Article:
Monday, November 3, 2008
There is no dishonor in being passed by Lance Armstrong
By: Robert Rivard
In the course of his storied career, he has passed or left behind everyone. And as of Saturday that now includes me.
For seven years running, Armstrong was the very best rider to enter the Tour de France, cycling's seminal event. Those seven consecutive victories from 1999 to 2005 probably constitute one of sport's most untouchable records.
Soon the world will be watching to see if Armstrong, 37, can emerge from retirement after three years and do it again.
He is driven, no doubt, at least in part by one of the most competitive spirits on the planet, but his return also will keep his name and his cause in the spotlight. So, even as he cycles through Italy, and we fans hope, into France, he also will raise tens or even hundreds of millions of dollars more for the Lance Armstrong Foundation and its global mission to unite people to fight cancer.
Before Armstrong departs for Europe and his return to the racing circuit, however, he came down Interstate 35 from Austin to ride in Saturday's inaugural individual time trial race in the 25th Tour de Gruene Bicycle Classic.
His entry electrified the event, more so because it would be Armstrong's only scheduled race in the United States this year.
Cycling and road racing in South and Central Texas hardly register on the radar screen and seldom win much play in the state's biggest newspapers.
But a resurgent Armstrong deciding to race in Gruene along the likes of, well, me, is not unlike Tiger Woods announcing he will play a couple of rounds with the locals at Brackenridge before he officially returns to the PGA Tour.
It isn't the first time Armstrong has created a buzz by riding in the Tour de Gruene. More than a decade ago, still fresh from battling his own cancer, Armstrong came within seconds of winning the team event and soon afterward silenced all doubters with his now epic comeback.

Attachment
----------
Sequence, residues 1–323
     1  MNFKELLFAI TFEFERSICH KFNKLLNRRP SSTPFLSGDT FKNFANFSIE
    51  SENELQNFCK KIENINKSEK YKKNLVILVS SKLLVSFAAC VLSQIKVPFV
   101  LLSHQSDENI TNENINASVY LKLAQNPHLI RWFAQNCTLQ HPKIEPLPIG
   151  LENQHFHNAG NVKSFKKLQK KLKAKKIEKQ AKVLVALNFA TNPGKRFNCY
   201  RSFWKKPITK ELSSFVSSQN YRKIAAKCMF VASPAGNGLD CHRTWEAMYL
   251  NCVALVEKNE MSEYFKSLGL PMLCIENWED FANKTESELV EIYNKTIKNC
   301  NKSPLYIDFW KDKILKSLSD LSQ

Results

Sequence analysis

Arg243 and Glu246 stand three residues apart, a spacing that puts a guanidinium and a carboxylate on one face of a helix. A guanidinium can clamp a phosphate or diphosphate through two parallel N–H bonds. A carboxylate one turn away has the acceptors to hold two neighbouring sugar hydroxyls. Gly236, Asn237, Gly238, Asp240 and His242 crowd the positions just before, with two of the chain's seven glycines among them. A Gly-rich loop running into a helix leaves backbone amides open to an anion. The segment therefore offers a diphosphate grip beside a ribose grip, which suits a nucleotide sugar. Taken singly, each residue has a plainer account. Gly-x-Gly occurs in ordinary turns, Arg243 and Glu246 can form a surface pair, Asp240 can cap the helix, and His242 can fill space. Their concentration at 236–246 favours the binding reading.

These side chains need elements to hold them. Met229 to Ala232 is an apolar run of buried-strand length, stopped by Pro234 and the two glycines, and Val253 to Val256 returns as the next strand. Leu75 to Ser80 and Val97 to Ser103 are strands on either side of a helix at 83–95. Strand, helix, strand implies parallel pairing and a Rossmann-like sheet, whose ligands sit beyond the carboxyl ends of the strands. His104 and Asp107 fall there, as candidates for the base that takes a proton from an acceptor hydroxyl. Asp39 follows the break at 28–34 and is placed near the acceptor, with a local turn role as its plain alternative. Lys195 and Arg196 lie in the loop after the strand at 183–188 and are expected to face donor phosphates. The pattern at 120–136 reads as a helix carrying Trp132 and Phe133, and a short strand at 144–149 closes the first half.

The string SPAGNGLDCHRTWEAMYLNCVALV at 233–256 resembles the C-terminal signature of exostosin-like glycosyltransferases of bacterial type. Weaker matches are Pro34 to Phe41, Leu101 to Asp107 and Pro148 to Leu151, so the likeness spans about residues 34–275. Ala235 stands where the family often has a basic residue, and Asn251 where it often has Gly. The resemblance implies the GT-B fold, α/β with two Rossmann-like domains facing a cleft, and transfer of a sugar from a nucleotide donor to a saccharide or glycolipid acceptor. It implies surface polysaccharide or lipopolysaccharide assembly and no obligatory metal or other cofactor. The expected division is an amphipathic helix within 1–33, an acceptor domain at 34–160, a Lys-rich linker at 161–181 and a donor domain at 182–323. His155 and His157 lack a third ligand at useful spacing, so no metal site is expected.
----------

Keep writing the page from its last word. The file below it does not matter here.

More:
It so happens that last year's Tour de Gruene was my first experience riding in a time trial race, and this year I leapt at the chance to enter both the first individual time trial as well as today's team time trial.
I was riding as hard as my 55-year-old legs would allow, covering the last half of the 16-mile course that followed River Road along the banks of the Guadalupe River when I noticed a rider wearing number 90 just standing on the roadside with two other cyclists.
Race organizers had told me that Armstrong was wearing number 90, so it struck me as odd that Armstrong, not due to race for 30 minutes, was out on the course.
I also noticed that one of the riders with him was Agustin Magallanes, circulation director at the Laredo Morning Times and, perhaps, the most accomplished rider on the Third Street Grackles cycling team, which I captain.
I cycled on and, nearing mile 13, began to envision the finish line. I pushed harder, desperate to break the 50-minute mark, shooting for a 19-20 mph average pace.
My speedometer read 23 mph when suddenly Armstrong blew by me at a speed that left me thinking I was not actually moving on my own bike, no matter what my speedometer was reading. The two other riders, who were not in the race but had staked out spots hoping for just such an encounter, clung to Armstrong's rear wheel, riding for all they were worth.
Armstrong, of course, was only warming up. A half-hour later he went off as the last rider in the time trial, and predictably, he handily won the event. Armstrong covered the 16 miles in a little more than 33 minutes. It took me 49 minutes.
It's never felt to so good to get beat so badly.
I'll follow his comeback after three years away from the sport with keen interest, but I'll follow his efforts to build his foundation even more closely.
There are few world-class athletes able or willing to leverage their status as iconic athletes into an even higher pursuit, namely making the world a better place.
Saturday, for a few fleeting seconds, I rode near the guy doing just that.